Groundhog Day is upon us Thursday. According to legend, if it is cloudy when a groundhog emerges from its burrow, it will leave showing that winter will soon end. If it is sunny, the groundhog will see its shadow and go back into its burrow and the winter weather will continue for six more weeks. The largest Groundhog Day celebration is held in Punxsutawney, Pennsylvania, home of the most famous groundhog of them all, Punxsutawney Phil. However, Phil isn't the only groundhog to predict weather. Here are five famous groundhogs you probably don't know exist.

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    Buckeye Chuck

    A native of Ohio, Buckeye Chuck began predicting the arrival of spring in the 1970s. He is one of two groundhogs in Ohio known for predicting the arrival of spring on Groundhog Day. Back in 1979, the Ohio General Assembly declared Buckeye Chuck the official state groundhog.

    Buckeye Chuck, Facebook
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    Balzac Billy

    Not every famous groundhog has to be from The United States. Balzac Billy is known as the “Prairie Prognosticator.” He's from the Great White North, calling Balzac, Alberta home.

    Balzac Billy
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    General Beauregard Lee

    Take a quick guess where you think General Lee the Groundhog is from. Yup -- the south. General Beauregard Lee resides at the Yellow River Game Ranch in Lilburn, Georgia. He may be the only groundhog with honorary doctorates, receiving the titles of  Doctor of Weather Prognostication and Doctor of Southern Groundology from the University of Georgia. He has been predicting early springs or late winters for many years and has a 94% accuracy rate.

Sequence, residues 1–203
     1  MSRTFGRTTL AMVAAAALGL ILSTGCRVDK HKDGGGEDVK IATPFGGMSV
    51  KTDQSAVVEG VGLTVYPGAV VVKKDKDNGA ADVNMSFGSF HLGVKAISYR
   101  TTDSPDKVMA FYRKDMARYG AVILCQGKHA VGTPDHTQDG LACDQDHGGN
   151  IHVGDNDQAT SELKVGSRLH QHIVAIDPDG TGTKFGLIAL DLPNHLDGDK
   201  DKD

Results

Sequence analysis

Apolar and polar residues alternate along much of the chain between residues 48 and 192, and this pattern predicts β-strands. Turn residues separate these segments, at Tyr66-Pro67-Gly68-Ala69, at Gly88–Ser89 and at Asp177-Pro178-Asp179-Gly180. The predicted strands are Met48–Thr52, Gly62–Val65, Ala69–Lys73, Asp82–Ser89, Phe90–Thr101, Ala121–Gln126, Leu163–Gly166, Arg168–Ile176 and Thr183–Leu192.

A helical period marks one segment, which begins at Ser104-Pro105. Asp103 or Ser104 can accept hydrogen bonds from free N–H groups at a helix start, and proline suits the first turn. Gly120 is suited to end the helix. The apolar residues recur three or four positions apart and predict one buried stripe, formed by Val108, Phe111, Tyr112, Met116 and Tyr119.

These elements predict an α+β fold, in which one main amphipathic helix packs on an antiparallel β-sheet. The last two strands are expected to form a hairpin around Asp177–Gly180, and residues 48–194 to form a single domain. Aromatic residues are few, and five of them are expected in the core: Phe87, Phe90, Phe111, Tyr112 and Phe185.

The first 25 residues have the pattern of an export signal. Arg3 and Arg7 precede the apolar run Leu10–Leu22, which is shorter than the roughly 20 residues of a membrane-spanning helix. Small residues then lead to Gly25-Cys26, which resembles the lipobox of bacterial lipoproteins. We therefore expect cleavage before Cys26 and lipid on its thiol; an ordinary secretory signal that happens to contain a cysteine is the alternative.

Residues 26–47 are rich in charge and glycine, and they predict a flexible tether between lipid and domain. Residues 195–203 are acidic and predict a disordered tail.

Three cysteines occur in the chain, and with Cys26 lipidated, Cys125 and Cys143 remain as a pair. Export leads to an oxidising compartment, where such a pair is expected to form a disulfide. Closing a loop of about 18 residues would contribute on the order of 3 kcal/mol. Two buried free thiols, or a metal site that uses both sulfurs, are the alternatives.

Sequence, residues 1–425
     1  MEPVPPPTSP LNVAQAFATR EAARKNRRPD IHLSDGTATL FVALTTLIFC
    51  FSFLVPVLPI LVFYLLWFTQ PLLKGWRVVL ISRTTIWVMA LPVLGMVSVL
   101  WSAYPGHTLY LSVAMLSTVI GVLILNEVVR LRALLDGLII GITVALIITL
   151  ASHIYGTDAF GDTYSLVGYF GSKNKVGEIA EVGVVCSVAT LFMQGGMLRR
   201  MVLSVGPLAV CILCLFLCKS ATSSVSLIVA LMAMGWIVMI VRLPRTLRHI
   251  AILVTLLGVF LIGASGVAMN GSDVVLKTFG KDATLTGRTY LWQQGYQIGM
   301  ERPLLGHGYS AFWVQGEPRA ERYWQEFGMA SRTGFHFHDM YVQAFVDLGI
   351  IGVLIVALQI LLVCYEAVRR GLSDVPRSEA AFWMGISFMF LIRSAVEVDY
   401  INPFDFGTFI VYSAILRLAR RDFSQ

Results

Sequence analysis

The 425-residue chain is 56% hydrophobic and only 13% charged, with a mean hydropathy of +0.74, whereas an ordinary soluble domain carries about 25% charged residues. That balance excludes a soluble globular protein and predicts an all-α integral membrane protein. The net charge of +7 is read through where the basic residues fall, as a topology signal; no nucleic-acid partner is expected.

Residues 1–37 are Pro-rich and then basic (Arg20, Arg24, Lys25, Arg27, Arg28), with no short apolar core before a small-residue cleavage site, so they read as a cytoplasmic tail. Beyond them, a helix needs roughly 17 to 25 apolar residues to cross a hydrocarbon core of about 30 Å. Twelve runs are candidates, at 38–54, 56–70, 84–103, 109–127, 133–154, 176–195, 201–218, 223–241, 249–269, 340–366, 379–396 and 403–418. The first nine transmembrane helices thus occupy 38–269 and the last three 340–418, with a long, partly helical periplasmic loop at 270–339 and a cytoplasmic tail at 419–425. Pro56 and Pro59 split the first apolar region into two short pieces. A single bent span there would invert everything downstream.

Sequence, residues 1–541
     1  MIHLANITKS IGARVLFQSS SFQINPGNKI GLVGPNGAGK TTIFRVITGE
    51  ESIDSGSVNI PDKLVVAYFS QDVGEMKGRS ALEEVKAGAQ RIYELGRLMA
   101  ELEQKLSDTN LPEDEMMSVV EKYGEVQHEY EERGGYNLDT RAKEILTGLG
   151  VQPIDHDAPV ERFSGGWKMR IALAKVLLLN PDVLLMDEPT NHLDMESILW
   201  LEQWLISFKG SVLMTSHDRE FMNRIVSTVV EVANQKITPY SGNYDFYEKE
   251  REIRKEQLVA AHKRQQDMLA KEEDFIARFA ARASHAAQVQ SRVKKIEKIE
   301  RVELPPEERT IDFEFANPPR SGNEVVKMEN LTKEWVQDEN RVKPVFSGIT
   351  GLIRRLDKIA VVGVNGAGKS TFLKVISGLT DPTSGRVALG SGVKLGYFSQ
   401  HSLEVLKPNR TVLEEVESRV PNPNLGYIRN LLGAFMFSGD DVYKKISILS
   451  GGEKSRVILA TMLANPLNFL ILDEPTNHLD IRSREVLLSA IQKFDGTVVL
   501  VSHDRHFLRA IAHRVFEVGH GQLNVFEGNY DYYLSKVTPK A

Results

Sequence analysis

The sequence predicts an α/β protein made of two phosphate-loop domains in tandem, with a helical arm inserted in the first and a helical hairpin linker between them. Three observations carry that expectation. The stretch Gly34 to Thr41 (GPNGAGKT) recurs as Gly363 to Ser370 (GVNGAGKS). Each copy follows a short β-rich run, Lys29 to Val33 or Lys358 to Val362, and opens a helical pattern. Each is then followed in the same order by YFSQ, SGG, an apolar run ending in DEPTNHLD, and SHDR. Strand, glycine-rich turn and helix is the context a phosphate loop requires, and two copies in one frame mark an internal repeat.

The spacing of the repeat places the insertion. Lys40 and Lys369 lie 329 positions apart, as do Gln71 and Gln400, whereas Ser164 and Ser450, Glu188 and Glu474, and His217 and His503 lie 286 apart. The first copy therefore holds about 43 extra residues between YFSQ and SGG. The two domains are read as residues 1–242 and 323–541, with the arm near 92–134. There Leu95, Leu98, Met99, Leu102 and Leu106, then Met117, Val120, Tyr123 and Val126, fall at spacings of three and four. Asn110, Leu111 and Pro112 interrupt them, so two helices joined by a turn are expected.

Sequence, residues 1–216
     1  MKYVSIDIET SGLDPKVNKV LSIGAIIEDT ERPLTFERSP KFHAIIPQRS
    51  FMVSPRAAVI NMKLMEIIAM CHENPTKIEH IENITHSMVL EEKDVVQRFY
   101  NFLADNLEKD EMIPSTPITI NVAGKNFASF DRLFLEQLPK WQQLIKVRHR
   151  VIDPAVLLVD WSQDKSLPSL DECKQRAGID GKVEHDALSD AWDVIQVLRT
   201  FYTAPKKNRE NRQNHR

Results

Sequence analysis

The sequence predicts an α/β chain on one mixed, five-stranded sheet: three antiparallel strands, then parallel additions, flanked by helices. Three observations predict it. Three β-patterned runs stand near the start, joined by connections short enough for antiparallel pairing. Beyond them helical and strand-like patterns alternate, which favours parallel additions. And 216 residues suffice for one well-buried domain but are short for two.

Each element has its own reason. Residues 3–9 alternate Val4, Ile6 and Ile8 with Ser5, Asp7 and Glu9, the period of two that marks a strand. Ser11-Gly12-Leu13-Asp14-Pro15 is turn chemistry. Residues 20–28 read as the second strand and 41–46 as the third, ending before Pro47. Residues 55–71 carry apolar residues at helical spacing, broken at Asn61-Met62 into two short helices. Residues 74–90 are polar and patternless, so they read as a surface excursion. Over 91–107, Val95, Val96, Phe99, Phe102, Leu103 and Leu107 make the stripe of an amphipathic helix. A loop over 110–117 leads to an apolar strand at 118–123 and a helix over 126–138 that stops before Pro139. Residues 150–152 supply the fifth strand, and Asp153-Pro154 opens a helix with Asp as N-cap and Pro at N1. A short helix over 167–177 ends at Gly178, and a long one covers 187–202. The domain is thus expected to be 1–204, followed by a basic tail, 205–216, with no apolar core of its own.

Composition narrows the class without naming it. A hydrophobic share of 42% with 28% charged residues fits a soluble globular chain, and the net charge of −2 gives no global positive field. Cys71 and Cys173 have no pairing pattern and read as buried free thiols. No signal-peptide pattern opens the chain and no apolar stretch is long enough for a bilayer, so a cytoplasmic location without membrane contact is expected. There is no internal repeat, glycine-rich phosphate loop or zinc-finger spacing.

Stefanie Reeves of Yellow River Game Ranch
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    Staten Island Chuck

    Staten Island Chuck, (his proper name is Charles G. Hogg) is New York City's official groundhog meteorologist, residing in the Staten Island Zoo. The ceremony at the zoo is often attended and officiated by the mayor of New York City.

    Staten Island Chuck, Facebook
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    Wiarton Willie

    Wiarton Willie is another famous groundhog from Canada. He currently lives in the community of Wiarton in Bruce County, Ontario. Every February 2, on Groundhog Day, Willie takes part in the local Wiarton Willie Festival. Although the original Wiarton Willie died in 1999, the Wiarton Groundhog Day celebrations continue each year with successors of the original Willie, each referred to as “Wee Willie.”

    Shari Chambers, Wikimedia Commons